Last week I attended the launch of this year’s Glasgow Film Festival. Although uninvited, as a filmmaker working in my native city I took my chance. Two years ago, thanks to the GFF’s co-artistic director, Allan Hunter, the debut screening of “The Devil’s Plantation” sold out at the festival with no advance publicity. Indeed my only interview – for the arts section of ‘The Scotsman’ was published the day after the last ticket sold. That there’s no dedicated strand for Scottish film this year is less a reflection on the programmers and more on the fact there’s so few homegrown films.
Will “Voyageuse” ever make it to the big screen? I can’t afford to think that far ahead. Judging by the GFF’s programme there’s no shortage of films in the world and I have neither entitlement or influence when it comes to exposure. Unlike other cultural forms – visual arts, music, theatre, dance, opera – the companies that occupy buildings that require staff, overheads and large subsidies – film production in Scotland is adrift, with no quotas and possessing none of the advantages of ‘institutional’ culture.
While theatres, galleries and music venues offer programmes of work, local cinemas are not obliged to show locally-produced films. Also, as streamed live performances encroach on cinema schedules – their popularity being testiment to our cultural cringe – securing a slot for a small independent film becomes all the harder. All of which points to a collective failure – of government policy, of our cultural/economic quangos’ lack of vision and strategy and – let’s not kid ourselves, the Scottish Film Industry’s perplexing lack of innovation which like the old Socialist cry of ‘one last push’ in this case is translated into a plea for more public money and ‘leadership’.
As the recent Scottish Parliament’s Economy, Energy and Tourism Committee’s hearings into the Creative Industries reveal, the landscape that Scotland is so revered for doesn’t translate to an attainable horizon: that of a thriving, sustainable film industry that currently justifies so many jobs, most of them unconnected with the actual business of making films.
The natural platform for small indigenous arthouse films is, of course, the festival circuit. With more film festivals than ever the selection process remains tortuous and fraught with demands. I recall a frosty negotiation with the programmers at Edinburgh International Film Festival about my first feature, “One Life Stand” (2000) and their expressed disappointment that they were only getting a UK and not a World premiere – the film had debuted at Rotterdam some months before. Like most B-list festivals, today the EIFF charges a submission fee, a disincentive for small filmmakers when big budget films – the red carpeted headline grabbers – enjoy a free pass and the privilege of flights, hotels, chauffeur-driven cars, receptions and press conferences.
To make a film is daunting enough. These days filmmakers are required to assume multiple roles, from fundraiser to producer to publicist to media-friendly pundit – in addition to the core job of making the thousands of creative decisions that go into a film. Amid the talk of alternative platforms and self-distribution, nothing compares with the anticipation of screening in a dark theatre rather than the (arguably) diminished experience of watching a film on a mobile device or TV where the biggest problems are volume and visibility. How can any filmmaker compete with hundreds of thousands of clips online? As indie wisdom dictates – you don’t – you find and build your audience yourself.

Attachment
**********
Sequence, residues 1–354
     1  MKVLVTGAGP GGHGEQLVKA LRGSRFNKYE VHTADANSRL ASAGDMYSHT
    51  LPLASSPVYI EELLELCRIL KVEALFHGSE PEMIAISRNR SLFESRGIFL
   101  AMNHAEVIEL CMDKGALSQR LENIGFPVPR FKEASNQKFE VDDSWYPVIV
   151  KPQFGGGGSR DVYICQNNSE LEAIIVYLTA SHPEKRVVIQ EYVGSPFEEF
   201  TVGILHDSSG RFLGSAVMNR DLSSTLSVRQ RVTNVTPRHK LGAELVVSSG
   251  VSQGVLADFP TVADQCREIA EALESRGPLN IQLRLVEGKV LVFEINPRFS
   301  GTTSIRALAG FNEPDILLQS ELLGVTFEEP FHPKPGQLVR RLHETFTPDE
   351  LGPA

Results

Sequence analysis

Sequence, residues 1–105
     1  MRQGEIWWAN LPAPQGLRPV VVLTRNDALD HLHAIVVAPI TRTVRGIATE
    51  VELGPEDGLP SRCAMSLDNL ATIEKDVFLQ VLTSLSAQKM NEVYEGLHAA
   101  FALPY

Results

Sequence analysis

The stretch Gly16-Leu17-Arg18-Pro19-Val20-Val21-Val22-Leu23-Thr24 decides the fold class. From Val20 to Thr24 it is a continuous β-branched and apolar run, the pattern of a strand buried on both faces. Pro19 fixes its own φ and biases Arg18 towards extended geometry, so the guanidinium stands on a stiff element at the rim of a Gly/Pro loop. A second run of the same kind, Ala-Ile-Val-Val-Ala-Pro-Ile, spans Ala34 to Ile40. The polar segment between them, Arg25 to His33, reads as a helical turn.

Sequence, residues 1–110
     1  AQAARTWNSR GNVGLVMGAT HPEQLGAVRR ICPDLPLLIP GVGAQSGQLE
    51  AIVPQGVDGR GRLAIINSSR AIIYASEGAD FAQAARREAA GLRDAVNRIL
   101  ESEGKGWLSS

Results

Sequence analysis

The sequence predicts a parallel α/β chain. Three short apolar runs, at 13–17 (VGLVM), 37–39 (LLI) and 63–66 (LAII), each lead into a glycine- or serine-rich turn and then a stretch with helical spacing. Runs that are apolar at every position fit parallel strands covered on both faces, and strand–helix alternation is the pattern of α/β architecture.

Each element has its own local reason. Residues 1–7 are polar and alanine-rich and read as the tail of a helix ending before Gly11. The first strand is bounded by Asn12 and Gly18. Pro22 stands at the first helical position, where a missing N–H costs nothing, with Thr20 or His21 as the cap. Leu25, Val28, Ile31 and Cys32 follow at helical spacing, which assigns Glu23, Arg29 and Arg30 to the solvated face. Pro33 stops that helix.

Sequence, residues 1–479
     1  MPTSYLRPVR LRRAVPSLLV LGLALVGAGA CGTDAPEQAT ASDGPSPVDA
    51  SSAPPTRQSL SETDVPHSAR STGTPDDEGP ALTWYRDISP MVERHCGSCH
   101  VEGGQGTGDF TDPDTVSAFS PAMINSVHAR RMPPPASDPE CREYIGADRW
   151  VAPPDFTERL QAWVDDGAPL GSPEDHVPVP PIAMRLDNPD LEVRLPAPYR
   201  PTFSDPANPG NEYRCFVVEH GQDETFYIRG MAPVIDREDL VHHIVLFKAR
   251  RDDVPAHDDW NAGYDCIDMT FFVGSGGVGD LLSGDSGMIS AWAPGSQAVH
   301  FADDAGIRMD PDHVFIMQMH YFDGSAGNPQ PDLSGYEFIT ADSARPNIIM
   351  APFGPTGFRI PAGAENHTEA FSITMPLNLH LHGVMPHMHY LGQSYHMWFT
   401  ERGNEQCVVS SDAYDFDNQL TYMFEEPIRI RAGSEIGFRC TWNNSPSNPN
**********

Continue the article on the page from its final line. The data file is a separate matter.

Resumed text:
But here’s where the theory falls down. When filmmakers cultivate niche audiences, too often the result is a glut of issue-driven films contrived to preach to the converted, the majority of which miss their target. While editing the screenplay for “Voyageuse” I ask myself – who am I making this for? Who is that elusive audience? Older women? Depressives? Drug addicts? Carers? Zoologists? The tinfoil hat brigade? Archive film fans? Dementia sufferers? Old Perseians? Behavioural scientists? Or, more likely, urban arthouse film buffs? Realising the folly of the exercise I soon get bored but console myself with the novel idea – why not make it for yourself and enjoy the process rather than the result?
A couple of years ago a well-meaning friend gave me a copy of “Thinking Outside the Box Office”, one of thousands of self-help books aimed at indie filmmakers. Written from a US perspective frankly the book caused me to lose the will to live let alone attempt to make a movie, with its can-do exhortation that in order to succeed one needs an army of unpaid marketers, web designers, social media gurus and poster designers long before a camera turns over.
The truth is there is no truth. Nobody has the magic bullet to make a film succeed just as no amount of bogus professionalisation, audience research or search engine optimisation will get a film made or mate arse with seat. Which is why I agree with the great director, Robert Bresson’s assertion – ‘those who can work with the minimum can work with the most’. Whether conventionally commercial or as an elevated hobby, making a film, any film, is a leap of faith. It wouldn’t be as much fun if it wasn’t. Of course, money helps, as does talent and a decent script. It reminds me of the adage: you can have it cheap, fast or good, but not all three.
The photograph is of a sloth in a crate, taken by Erica’s father, Josef ‘Bob’ Eisner circa 1953 in British Guiana.